We walk up the hill to the Sorrento station for the Circumvesuviana commuter train, for the roughly 40 minute ride to Pompeii Scavi.

Riding the Circumvesuviana

Riding the Circumvesuviana

Pompeii is a sprawling site, covering the space of a small city. We pick up a map at the ticket booth, but they're out of the accompanying guidebooks. It's windy (we've been told that the area is experiencing the effects of sirocco winds out the Sahara, resulting in windy, unsettled conditions), and dust devils of dirt and grit sweep across the site.

The Forum

The Forum

We come across the storage areas, where pottery, amphorae, and architectural fragments are being kept. Here, we also find some of the plaster casts of the victims of the volcanic eruption. When the site was excavated, archaeologists would occasionally come across voids in the volcanic ash covering the site. They injected these voids with plaster, and when the ash was chipped away, they would find the plaster had taken the form of the unfortunate people who had suffocated in the ash fall.

These plaster casts are moving and tragic, but also so forlorn. Here they sit, some in glass cases, some not, almost as an afterthought in a cluttered storage room.

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(Some of the casts are in context at an area called the Garden of the Fugitives. We missed that area entirely during our visit.)

As we work our way through Pompeii, we seek out some of the more famous buildings. Unfortunately, due to neglect and the elements, some of the buildings have experienced significant degradation (there was a collapse at the House of the Gladiators in 2010). For this reason, some of the major buildings are padlocked or chained.

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We do have the opportunity to see the House of the Faun. This is of particular interest to us...it contains two iconic artifacts of Pompeii, the elaborate "Alexander the Great" mosaic, and the "Dancing Faun". Both of these, visible in situ, are reproductions. We had the opportunity to see the originals back in 2011 in the Naples Archaeological Museum (see my blog entry "Sweet Napoli" )

Alexander the Great defeats Darius

Alexander the Great defeats Darius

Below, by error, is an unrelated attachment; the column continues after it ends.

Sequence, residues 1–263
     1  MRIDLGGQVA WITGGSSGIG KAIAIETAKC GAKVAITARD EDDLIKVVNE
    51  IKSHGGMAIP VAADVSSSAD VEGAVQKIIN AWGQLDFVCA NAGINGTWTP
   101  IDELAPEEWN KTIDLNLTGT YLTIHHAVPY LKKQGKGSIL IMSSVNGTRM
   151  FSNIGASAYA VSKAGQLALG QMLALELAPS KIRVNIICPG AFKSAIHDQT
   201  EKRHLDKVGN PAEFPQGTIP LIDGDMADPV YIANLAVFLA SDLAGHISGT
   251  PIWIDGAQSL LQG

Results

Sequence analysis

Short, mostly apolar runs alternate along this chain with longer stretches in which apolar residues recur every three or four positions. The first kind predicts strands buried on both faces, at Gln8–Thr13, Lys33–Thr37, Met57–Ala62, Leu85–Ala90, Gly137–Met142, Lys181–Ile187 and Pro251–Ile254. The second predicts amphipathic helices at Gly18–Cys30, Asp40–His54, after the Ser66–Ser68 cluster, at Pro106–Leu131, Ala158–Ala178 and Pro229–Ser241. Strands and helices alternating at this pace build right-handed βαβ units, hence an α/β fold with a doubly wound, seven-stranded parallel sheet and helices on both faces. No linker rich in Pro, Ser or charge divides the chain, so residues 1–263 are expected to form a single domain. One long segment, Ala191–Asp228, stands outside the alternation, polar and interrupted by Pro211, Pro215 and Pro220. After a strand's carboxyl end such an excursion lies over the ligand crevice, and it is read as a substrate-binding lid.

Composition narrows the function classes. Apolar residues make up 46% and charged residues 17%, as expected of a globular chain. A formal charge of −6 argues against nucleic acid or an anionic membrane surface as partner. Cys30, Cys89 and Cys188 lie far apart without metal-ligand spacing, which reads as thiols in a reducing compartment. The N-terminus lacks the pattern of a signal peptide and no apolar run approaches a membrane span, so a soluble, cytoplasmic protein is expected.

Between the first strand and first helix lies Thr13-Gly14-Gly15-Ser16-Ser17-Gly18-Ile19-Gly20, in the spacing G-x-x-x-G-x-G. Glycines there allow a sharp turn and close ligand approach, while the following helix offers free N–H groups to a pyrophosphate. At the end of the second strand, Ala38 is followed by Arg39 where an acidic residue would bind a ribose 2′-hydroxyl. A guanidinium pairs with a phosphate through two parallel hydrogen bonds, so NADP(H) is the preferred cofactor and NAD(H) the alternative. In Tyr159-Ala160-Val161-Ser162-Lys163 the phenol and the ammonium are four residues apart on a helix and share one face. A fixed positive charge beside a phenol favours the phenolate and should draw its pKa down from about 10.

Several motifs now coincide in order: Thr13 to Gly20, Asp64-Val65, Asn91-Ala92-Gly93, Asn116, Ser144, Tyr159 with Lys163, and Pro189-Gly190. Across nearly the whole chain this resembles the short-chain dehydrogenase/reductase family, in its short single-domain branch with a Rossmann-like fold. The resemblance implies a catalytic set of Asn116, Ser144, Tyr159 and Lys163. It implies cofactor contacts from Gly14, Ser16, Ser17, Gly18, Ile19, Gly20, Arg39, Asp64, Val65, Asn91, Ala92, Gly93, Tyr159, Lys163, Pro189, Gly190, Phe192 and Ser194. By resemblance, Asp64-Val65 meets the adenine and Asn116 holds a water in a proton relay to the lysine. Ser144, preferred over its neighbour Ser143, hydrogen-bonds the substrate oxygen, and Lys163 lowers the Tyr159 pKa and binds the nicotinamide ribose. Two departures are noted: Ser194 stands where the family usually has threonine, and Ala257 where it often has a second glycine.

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The Stabian Baths

The Stabian Baths

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Teatro Grande

Teatro Grande

An Ancient Bakery

An Ancient Bakery

The afternoon wears on, and we'd like to get in a visit to Ercolano (Herculaneum). Ercolano, a seaside town, was also destroyed by the eruption of Vesuvius, but the primary culprit there was a searingly hot pyroclastic flow, rather than the slow accumulation of ash that suffocated Pompeii. It is a much smaller set of excavations, as it is under the existing modern city of Ercolano, so only a few square blocks are available to visitors.

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The portions of the excavation that are open to visitors are in an astounding state of preservation. Frescoes that once adorned stately homes are still relatively intact, with vibrant colors.

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Ancient infrastructure is still in place. We pass a Thermopolium, where it looks like the food counter is waiting to be stocked. A cutaway in a nearby wall shows the sophistication of ancient Roman plumbing.

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In some homes and shops, the intense heat of the pyroclastic flow carbonized all of the woodwork into charcoal.

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In other homes, fragile mosaics and beautiful frescoes have been preserved.

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A restoration project is ongoing, and we have the opportunity to watch a conservator at her painstaking work.

Exiting the site, we pass the old warehouses beneath the town, with openings facing the sea. Many sought refuge here from the relentless onslaught of Mt. Vesuvius. Centuries later, their cracked and scorched bones were found, huddled in groups in these warehouses.

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It's been a rewarding day. Pompeii is vast and iconic, while Ercolano is a small, intimate glimpse into the destruction of a community. Both are deeply affecting.

We head back to Sorrento on the Circumvesuviana. Tonight, we'll enjoy a dinner at Zi'Ntonio's again, feasting on their fine Neapolitan style pizza.

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Next installment, we'll be heading to the island of Capri.

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Posted by Zukini 14:30 Archived in Italy Tagged ruins naples pompeii herculaneum vesuvius ercolano scavi circumvesuviana Comments (0)